Because it is the one punishment that cannot be prescribed by a rule of law as judges normally understand such rules, but rather is ultimately understood only as an expression of the community’s outrage—its sense that an individual has lost his moral entitlement to live—I am convinced that the danger of an excessive response can only be avoided if the decision to impose the death penalty is made by a jury, rather than by a single governmental official.198
194 468 U.S. 447 (1984).
If the State wishes to execute a citizen, it must persuade a jury of his peers that death is an appropriate punishment for his offense. If it cannot do so, then I do not believe it
195 Id. at 467 (Stevens, J., concurring in part and dissenting in part). 196 As Justice Stevens pointed out, every member of the Court had, at that point,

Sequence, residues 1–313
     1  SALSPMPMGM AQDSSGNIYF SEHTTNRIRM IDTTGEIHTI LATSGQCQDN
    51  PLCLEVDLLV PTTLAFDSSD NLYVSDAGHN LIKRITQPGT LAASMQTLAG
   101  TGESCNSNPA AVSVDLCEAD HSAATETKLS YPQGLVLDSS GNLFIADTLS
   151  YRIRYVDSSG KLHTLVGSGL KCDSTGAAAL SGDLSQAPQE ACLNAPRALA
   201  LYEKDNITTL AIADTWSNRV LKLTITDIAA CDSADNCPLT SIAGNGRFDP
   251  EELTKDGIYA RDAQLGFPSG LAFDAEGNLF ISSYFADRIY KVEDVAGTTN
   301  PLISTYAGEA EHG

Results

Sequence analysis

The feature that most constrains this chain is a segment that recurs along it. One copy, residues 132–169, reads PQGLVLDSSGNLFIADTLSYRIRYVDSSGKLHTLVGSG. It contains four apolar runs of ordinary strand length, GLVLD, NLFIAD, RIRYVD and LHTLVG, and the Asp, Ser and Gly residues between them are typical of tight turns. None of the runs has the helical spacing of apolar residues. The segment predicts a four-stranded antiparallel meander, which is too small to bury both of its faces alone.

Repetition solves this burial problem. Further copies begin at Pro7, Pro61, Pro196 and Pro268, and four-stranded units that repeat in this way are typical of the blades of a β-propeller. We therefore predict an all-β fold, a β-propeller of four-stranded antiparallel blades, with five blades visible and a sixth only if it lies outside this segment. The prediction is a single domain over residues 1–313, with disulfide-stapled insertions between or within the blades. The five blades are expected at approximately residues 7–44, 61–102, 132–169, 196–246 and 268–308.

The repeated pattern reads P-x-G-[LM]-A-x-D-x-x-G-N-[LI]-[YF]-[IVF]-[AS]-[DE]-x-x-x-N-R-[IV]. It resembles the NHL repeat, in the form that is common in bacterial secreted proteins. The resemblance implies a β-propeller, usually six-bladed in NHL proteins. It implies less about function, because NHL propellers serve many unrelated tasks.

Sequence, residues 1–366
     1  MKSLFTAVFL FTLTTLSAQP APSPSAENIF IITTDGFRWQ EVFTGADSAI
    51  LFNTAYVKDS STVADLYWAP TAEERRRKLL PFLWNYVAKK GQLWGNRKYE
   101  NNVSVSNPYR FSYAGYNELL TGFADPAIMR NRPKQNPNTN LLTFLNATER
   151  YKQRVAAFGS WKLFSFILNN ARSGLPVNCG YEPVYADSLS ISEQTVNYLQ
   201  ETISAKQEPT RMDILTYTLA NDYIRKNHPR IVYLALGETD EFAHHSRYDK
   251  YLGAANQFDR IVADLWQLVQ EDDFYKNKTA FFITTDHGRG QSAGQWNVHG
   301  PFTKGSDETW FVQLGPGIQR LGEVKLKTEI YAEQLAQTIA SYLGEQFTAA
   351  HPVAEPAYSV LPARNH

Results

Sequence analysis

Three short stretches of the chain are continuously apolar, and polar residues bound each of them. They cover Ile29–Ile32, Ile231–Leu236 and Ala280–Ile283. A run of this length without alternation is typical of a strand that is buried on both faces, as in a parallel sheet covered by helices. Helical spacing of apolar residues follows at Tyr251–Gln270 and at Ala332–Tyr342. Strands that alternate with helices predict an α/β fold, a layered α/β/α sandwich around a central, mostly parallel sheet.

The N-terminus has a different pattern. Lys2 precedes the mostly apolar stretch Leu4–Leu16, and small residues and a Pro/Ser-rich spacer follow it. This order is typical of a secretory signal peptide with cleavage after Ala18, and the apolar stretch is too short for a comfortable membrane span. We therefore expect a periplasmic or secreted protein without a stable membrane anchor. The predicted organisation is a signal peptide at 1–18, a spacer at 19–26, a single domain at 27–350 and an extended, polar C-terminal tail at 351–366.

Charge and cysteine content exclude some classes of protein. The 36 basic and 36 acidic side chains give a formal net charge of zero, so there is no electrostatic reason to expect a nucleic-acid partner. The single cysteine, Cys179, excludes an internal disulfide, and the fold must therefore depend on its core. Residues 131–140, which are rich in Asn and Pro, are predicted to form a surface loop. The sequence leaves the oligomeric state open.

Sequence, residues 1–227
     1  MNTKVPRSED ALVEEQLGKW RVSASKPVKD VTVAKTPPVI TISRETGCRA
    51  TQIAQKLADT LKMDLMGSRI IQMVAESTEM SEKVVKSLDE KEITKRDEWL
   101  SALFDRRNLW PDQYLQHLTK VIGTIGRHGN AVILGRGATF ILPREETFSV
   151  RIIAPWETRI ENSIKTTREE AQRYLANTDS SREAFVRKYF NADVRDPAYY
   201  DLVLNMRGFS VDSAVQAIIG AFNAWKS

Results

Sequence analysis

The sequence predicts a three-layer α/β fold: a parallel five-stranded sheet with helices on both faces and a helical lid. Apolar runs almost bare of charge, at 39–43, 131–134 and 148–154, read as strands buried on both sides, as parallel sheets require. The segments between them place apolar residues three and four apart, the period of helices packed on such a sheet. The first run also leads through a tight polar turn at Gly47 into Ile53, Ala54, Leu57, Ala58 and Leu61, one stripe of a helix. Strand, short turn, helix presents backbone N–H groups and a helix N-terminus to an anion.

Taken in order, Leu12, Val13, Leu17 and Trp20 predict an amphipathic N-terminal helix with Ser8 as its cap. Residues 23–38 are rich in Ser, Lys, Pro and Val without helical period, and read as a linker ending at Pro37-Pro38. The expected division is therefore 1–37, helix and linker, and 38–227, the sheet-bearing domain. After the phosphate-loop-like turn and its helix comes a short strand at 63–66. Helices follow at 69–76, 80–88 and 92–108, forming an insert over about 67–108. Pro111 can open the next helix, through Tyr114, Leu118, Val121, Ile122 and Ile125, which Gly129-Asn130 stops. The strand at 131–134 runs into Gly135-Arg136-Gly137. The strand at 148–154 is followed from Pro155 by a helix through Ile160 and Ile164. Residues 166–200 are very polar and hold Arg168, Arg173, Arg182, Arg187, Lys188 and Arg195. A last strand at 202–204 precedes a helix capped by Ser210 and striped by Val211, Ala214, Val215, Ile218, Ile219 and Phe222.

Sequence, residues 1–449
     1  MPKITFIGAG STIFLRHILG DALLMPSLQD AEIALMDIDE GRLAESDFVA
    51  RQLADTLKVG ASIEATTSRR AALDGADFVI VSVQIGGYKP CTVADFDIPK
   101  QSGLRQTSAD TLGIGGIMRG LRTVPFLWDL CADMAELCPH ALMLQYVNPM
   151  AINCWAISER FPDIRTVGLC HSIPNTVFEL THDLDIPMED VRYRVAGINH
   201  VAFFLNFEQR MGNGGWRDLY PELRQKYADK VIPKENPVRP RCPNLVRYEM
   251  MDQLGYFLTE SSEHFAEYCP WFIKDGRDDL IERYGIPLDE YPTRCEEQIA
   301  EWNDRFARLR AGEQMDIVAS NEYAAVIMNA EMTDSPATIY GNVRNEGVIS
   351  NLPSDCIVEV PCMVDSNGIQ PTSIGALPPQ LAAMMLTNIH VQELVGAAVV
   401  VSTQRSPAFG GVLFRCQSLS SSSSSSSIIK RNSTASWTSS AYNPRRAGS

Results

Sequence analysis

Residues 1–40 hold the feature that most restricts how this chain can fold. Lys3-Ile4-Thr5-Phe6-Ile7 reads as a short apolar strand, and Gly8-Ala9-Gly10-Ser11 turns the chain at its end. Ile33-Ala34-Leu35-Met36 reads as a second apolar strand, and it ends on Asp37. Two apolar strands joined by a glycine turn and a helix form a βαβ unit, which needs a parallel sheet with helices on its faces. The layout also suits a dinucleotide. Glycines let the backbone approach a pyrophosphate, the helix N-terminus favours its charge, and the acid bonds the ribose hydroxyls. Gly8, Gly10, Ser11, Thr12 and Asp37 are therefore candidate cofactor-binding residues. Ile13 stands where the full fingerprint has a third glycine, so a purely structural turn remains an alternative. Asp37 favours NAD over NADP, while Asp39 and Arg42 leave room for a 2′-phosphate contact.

subscribed to the “death is different” doctrine: “In the 12 years since Furman v. Georgia, every Member of this Court has written or joined at least one opinion endorsing the proposition that because of its severity and irrevocability, the death penalty is qualitatively different from any other punishment, and hence must be accompanied by unique safeguards to ensure that it is a justified response to a given offense.” Id. at 468 (citation omitted); see Solem v. Helm, 463 U.S. 227, 289 (1983); id. at 306 (Burger, C.J., dissenting); Enmund v. Florida, 458 U. S. 782, 797 (1982); Beck v. Alabama, 447 U. S. 625, 637–638 (1980); Rummel v. Estelle, 445 U. S. 263, 272 (1980); Lockett v. Ohio, 438 U. S. 586, 604–605 (1978) (plurality opinion); Coker v. Georgia, 433 U. S. 584, 598 (1977) (plurality opinion); Gardner v. Florida, 430 U. S. 349, 357–58 (1977) (plurality opinion); Gregg v. Georgia, 428 U. S. 153, 188 (1976) (opinion of Stewart, Powell, and Stevens, JJ.).